Profiting From the Global Cellular Wireless Boom

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 |  Includes: AMX, CHL, GOOG, MBT, NOK, S, SKM, T, TKC, VOD, VZ
by: Dhinesh Ganapathiappan

At the end of 2006, the United States had 233 million wireless subscribers and penetration of over 76% of the population. This represents tremendous growth from the year 2000 when subscribership first broke the 100 million user mark. Global adoption of cell phones is increasing at a rapid pace and helping foreign wireless carriers generate huge profits.

Even as handset makers like Motorola (MOT) and Nokia (NYSE:NOK) struggle amid razor thin profit margins and stiff competition, foreign wireless providers are thriving. Unlike actual cell phone makers, these carriers can be compared most closely to Cingular (NYSE:T), Verizon (NYSE:VZ), or Sprint (NYSE:S).

Foreign wireless providers often operate in a monopolistic environment which provides greater pricing power, and the ability to capture a large portion of new subscribers.

The best approach to investing in the foreign cellular wireless boom is to identify regions of the world that have stability and population growth accompanied by economic development. The best method to analyze the financial position of companies is to look for growth at a reasonable price, often referred to as GARP investing. Even after years of rising stock prices, there are several standouts that are poised to continue to rake in both new subscribers and significant profits.

In Mexico, America Movil (NYSE:AMX) was founded by Carlos Slim Helu, the third richest man in the world. The company has transformed into the largest corporation in Latin America by market value and boasts over 108 million subscribers. America Movil commands a market share in Mexico upwards of 80%, giving it a great deal of monopolistic flexibility. The $86 billion market cap may seem overdone compared to the $110 billion valuation of Verizon, but the forward P/E ratio of 12.4 shows that it will soon be cheaper than Verizon.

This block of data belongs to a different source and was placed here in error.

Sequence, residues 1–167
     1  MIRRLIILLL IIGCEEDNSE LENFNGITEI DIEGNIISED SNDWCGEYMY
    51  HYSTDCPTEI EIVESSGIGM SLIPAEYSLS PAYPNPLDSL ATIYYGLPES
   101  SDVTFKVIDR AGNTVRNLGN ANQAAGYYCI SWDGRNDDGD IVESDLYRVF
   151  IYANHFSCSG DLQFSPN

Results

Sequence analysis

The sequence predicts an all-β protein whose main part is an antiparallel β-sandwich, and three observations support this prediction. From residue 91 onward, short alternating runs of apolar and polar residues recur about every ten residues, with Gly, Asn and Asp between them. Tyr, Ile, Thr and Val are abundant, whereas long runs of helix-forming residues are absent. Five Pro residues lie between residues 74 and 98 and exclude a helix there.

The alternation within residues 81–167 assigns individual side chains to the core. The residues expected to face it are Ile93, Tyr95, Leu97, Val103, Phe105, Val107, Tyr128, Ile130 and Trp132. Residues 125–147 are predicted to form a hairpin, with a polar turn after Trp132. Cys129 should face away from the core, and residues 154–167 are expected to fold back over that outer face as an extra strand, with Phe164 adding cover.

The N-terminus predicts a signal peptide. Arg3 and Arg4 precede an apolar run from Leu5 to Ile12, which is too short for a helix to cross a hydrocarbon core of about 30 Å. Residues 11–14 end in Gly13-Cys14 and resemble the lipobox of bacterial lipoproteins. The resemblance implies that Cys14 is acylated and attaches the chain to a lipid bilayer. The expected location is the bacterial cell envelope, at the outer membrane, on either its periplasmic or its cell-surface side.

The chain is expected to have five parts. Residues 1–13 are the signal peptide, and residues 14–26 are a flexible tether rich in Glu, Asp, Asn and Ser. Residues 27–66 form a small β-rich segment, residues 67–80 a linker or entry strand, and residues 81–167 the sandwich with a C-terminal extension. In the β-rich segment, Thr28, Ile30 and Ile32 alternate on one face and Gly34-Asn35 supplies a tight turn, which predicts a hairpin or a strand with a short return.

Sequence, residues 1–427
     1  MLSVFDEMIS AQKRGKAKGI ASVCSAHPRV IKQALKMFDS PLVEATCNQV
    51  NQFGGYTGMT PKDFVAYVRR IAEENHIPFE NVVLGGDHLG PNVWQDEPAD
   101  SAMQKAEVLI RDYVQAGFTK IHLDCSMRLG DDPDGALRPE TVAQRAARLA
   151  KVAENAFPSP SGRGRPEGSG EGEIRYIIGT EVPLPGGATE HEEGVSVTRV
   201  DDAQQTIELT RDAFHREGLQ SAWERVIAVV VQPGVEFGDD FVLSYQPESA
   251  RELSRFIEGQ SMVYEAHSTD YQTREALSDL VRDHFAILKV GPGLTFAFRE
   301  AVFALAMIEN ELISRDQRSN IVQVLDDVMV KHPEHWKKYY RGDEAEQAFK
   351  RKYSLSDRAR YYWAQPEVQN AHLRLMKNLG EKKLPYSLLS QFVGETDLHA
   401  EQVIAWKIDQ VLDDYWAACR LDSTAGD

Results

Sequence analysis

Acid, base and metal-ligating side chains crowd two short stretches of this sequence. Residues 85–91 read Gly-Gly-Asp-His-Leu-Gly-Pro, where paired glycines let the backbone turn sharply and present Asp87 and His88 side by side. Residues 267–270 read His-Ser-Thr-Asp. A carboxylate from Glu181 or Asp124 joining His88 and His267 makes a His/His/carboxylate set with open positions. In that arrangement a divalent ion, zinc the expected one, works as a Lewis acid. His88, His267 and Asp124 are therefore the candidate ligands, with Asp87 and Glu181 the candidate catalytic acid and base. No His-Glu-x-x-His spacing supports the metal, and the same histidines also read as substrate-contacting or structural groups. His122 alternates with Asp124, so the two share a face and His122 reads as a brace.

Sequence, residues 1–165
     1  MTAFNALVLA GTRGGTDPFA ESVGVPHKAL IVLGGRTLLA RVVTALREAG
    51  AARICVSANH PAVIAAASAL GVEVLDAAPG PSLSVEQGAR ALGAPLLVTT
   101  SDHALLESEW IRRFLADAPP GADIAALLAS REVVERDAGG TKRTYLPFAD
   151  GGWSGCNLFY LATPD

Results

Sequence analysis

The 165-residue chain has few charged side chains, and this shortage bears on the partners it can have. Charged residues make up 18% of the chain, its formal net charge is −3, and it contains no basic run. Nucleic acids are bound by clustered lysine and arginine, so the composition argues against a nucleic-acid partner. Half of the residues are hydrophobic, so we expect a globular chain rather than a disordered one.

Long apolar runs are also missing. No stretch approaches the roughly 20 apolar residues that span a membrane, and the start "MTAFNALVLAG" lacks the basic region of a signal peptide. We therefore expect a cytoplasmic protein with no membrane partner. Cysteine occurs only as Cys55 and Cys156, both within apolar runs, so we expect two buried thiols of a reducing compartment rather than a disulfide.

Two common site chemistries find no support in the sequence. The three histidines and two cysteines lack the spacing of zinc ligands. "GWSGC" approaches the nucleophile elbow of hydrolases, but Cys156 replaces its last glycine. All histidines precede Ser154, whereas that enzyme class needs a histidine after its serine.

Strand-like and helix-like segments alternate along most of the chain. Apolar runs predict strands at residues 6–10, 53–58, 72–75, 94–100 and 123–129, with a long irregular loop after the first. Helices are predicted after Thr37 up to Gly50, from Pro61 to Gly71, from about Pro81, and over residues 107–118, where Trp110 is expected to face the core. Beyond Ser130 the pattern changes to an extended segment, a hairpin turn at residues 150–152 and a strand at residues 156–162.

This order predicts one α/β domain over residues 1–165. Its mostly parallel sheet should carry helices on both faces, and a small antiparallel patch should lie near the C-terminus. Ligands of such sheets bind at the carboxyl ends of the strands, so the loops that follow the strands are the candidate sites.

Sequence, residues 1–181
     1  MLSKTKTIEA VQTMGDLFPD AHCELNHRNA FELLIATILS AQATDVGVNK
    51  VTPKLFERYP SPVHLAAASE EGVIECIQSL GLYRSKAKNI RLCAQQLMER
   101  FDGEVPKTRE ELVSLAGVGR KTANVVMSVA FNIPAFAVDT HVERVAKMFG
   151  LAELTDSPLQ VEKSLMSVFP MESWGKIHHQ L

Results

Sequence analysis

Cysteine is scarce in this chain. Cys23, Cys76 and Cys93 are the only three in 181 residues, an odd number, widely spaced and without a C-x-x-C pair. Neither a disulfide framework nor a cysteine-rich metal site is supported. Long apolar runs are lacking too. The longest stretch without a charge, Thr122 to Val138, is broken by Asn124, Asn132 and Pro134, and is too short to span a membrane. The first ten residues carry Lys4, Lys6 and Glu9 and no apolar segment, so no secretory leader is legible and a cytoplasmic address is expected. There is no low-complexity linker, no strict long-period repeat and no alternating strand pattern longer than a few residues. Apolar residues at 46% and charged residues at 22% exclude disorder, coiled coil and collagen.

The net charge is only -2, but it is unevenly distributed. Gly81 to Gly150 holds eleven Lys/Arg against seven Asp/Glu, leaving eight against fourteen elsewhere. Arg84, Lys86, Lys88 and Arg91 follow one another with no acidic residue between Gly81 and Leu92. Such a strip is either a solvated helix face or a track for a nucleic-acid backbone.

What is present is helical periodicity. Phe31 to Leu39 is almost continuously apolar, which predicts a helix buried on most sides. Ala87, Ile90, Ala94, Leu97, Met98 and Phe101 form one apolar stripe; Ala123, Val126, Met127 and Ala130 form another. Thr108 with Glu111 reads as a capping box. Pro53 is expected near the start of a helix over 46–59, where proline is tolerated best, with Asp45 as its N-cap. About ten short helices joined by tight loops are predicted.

Analysts overwhelmingly like America Movil and bless it with 8 buy recommendations, 1 hold, and no sells. Major mutual funds like the Fidelity Contrafund [FCNTX] have made significant investments in the company along with inflows from numerous Latin America and emerging market funds.

Another strong carrier is Turkcell (NYSE:TKC), providing service to 30 million subscribers primarily in Turkey. The company is valued very cheaply and continues to produce strong growth. The current P/E ratio is merely 14 with a market cap of $11.6 billion. Turkcell is a great value and growth play that will shine when investors and mutual funds seeking to invest internationally uncover it. Eastern Europe is a fundamentally sound region of the world and continues to show robust growth following the end of the Cold War almost twenty years ago.

Russia is another Eastern European wireless play with great upside. Mobile TeleSystems (NYSE:MBT) is the $22 billion giant in the region and has seen its stock double in value over the past year. Unlike Turkcell, Mobile TeleSystems trades at a higher P/E ratio of 17. Mobile TeleSystems also pays no dividends, while Turkcell pays out a 3.45% annual yield. Both stocks have a great deal of upside remaining.

Two giants in the wireless telecom industry are Vodafone (NASDAQ:VOD) and China Mobile (NYSE:CHL). Vodafone is the “Microsoft” of the industry – a giant that has expanded so much that it has become extremely difficult to grow any more. Over the past 3 years the stock has delivered investors no more than its 4.54% dividend yield. Vodafone claims over 170 million customers and should continue to make a consistent stream of revenues.

China Mobile has added 200% to its stock price over the past 3 years and doesn’t appear to have significant additional upside. The rich valuation of $178 billion at a P/E of 23 makes it a highly unlikely candidate to double within the next few years.

A large concern of investors putting money in fragile regions of the world is political stability. Many of these fears are overblown and can be avoided by not investing in war-torn, war-prone, or shaky political institutions. SK Telecom (NYSE:SKM) is the dominant carrier in Korea, but its exposure to precarious South Korea has hindered the stock, leaving it with a low P/E ratio of 9.

Foreign stocks in general continue to be good investments, and the wireless industry is a safe bet for the years to come. Cell phone penetration rates will continue to increase as consumers in developing countries discover the benefits of mobile devices, and the top foreign carriers will happily collect these profits.